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Administration of Justice on Sexual Violence Crimes against Women in Georgia

On December 8, 2020, the Public Defender of Georgia and the Council of Europe held a joint online conference and presented the findings of the study conducted with the support of the Council of Europe on the administration of justice on sexual violence crimes against women.

The study analyses the legislative and judicial barriers relating to cases of sexual violence after the ratification of the Istanbul Convention in 2017 and offers recommendations for improving legislation, policies and practices in relation to such crimes. The study is unique, as it is the first report in Georgia to assess criminal proceedings relating to crimes of sexual violence in the context of the Istanbul Convention and human rights standards.

Nino Lomjaria, Public Defender of Georgia, Natalia Voutova, Head of the Council of Europe Office in Georgia and Lela Akiashvili, Advisor to the Prime Minister on Human Rights and Gender Equality Issues, delivered welcome speeches at the event.

According to the key findings of the study, the rate of reporting the cases of sexual violence is still low in Georgia and justice is administered only in a small number of cases. During the 2-year reporting period (from June 2017 to May 2019), 361 reports of sexual violence were received by the police. Investigation was launched in 251 cases, although verdicts were delivered only in 26 cases. Of these, 20 people were found guilty of committing sexual violence, while 6 were acquitted. Sexual violence has not been recognized as a form of discrimination against women in any of the cases.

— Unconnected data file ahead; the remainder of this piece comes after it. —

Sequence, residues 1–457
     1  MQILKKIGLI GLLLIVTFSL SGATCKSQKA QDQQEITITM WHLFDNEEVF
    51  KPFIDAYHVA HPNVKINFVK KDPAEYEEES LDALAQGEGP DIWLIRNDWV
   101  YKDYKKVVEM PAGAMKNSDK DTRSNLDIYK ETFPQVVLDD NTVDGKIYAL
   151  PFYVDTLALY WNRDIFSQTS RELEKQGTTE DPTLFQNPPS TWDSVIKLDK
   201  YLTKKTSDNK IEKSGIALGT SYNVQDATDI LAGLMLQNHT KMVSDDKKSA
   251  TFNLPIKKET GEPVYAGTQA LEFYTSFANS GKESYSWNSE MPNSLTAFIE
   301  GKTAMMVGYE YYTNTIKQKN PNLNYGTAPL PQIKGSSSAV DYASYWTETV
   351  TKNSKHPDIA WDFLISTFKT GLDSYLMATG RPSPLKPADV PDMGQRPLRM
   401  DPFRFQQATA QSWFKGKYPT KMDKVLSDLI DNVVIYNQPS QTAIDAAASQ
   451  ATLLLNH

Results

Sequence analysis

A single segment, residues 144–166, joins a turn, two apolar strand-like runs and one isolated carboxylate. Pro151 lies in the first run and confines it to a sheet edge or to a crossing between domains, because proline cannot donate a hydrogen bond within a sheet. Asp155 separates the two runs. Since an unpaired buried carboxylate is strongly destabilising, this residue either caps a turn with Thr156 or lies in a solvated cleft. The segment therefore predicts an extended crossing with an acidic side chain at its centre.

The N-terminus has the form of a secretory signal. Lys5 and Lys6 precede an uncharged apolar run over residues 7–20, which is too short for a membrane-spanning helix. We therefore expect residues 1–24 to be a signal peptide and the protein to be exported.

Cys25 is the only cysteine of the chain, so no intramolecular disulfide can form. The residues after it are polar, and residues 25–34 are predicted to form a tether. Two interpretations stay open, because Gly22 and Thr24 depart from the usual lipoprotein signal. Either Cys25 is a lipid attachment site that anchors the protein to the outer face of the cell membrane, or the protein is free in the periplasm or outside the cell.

In addition, the definitions of sexual violence in the Criminal Code of Georgia (Articles 137-139) are not based on the lack of free or voluntary consent of the victim, as required by international human rights standards.

The standard of evidence is quite restrictive and tough in relation to cases of sexual violence; the perpetrator is not held accountable unless the testimony of the victim is supported by evidence obtained from various sources. Such standards contradict the requirements of human rights instruments and lead to the impunity of perpetrators.

The lack of female forensic experts often hinders the examination of the victim. The lack of an examination report in most cases means that the investigation will not continue and the perpetrator will not be held accountable. And during criminal proceedings, victims are often asked degrading questions, which may harm their dignity, question credibility and cause secondary victimization.

The study was presented by lawyer Tamar Dekanosidze. Nino Tsatsiashvili, Deputy Minister of Internal Affairs, Natia Merebashvili, Deputy Prosecutor General, Giorgi Chekhani, Executive Director of the Bar Association and Elene Gvinjilia, representative of the Analytical Department of the Supreme Court of Georgia, spoke about the current situation and challenges in the country. Council of Europe expert Joanna Evans spoke about the practice of the United Kingdom relating to sexual violence and consent-based sexual violence legislation. The online conference was moderated by the Deputy Public Defender of Georgia, Ekaterine Skhiladze.

The meeting was attended by representatives of governmental and non-governmental sector, local and international organizations.

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